Keith remembered a story about a class he took with Dr. Stanley Greenspan who did conference calls. Keith was working at an occupational therapy clinic one Saturday morning during class when a child ran in from another therapy room to escape the therapist doing non-Floortime therapy he wasn’t enjoying. Keith simply suggested the child tell the therapist what he wanted to do and it all worked out. Meanwhile, Keith didn’t realize he hadn’t muted his phone and the class was listening to the whole conversation, so he was horrified. But Dr. Greenspan said, “This is exactly what we’re talking about: connecting to the child, taking their lead, and using positive affect to turn the situation around.“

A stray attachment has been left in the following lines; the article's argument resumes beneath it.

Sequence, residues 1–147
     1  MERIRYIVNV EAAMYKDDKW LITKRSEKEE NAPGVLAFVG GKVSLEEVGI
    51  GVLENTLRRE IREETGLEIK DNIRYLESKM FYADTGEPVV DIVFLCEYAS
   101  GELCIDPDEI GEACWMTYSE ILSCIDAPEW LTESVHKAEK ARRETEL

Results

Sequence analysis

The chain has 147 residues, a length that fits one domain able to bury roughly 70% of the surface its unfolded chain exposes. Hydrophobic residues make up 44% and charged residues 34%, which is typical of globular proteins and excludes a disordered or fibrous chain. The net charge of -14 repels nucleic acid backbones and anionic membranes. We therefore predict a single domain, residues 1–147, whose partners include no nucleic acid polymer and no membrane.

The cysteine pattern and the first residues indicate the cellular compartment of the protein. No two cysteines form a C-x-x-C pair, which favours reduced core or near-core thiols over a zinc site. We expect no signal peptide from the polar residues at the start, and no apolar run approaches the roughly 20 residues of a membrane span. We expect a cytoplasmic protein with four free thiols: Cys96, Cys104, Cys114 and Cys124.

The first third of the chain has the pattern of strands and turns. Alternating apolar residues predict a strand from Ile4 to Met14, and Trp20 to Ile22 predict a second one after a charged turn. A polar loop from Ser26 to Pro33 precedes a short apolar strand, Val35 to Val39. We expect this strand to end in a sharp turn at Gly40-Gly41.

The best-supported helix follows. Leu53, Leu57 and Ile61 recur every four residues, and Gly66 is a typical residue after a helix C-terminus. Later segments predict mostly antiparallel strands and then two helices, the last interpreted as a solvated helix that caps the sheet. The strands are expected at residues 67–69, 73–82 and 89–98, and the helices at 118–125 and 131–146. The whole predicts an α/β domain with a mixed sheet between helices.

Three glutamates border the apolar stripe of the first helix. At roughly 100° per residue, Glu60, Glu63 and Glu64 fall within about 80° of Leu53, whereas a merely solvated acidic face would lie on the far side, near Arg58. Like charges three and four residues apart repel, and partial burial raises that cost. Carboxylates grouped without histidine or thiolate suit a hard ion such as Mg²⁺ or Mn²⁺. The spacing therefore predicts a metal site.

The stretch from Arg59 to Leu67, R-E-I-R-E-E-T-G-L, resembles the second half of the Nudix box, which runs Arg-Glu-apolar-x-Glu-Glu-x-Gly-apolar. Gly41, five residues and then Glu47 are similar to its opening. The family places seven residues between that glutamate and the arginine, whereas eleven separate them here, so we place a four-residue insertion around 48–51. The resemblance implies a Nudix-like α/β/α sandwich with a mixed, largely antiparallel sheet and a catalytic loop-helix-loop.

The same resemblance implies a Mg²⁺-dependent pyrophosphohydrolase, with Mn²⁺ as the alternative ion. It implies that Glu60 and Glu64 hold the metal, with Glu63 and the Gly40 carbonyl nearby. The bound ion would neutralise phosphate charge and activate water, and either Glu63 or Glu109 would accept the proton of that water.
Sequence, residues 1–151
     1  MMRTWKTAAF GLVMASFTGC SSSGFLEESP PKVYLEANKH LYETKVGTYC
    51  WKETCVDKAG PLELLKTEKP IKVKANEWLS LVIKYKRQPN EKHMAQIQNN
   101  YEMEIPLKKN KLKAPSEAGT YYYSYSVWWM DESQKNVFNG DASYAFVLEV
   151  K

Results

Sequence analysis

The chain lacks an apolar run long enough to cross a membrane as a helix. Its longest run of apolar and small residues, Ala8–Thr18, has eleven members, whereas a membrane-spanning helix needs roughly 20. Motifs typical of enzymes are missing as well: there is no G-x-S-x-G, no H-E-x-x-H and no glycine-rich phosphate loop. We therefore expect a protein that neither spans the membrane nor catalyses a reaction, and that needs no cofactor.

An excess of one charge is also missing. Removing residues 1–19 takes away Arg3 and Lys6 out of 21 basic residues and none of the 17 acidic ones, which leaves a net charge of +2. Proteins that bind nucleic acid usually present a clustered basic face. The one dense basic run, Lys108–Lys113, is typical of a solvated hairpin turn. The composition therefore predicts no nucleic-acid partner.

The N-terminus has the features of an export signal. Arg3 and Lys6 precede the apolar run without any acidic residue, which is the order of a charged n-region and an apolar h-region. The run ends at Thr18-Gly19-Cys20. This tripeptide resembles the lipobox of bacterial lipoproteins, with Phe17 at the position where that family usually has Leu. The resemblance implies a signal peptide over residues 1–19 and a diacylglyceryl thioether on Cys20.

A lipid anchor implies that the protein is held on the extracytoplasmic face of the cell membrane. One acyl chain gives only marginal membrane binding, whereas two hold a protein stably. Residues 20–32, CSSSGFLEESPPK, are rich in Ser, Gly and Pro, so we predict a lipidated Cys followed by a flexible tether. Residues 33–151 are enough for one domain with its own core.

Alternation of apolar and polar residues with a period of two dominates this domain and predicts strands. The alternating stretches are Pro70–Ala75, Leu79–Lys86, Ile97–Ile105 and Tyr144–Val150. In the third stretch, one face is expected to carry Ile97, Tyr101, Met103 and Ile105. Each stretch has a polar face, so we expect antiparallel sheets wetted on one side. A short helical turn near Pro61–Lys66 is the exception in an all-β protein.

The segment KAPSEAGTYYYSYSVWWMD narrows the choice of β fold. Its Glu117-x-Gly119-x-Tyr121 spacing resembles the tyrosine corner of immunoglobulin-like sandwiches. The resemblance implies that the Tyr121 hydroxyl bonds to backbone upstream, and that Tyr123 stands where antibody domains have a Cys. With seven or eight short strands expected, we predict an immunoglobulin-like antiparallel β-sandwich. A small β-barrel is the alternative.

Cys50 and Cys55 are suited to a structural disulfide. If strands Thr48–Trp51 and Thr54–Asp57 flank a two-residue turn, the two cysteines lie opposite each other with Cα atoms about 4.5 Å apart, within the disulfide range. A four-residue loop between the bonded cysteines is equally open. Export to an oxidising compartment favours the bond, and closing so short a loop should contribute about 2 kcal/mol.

Dr. Ira Glovinsky later told Keith that that moment was so powerful and it really made Keith feel that he was heading in the right direction. To connect in the moment with the child despite others who might say, “You can’t do that all the time. We have to do this or that” or “you’re just coddling them“. What it is saying to the child is, “I’m going to mirror your emotional state and take it as something that’s meaningful, even if it’s not a pleasant experience for me.” It helps the child calm down and think that someone understands what they’re feeling, or at least is kind of getting it if not completely getting it, Keith explains. This allows them to move away from fight or flight and be present with you.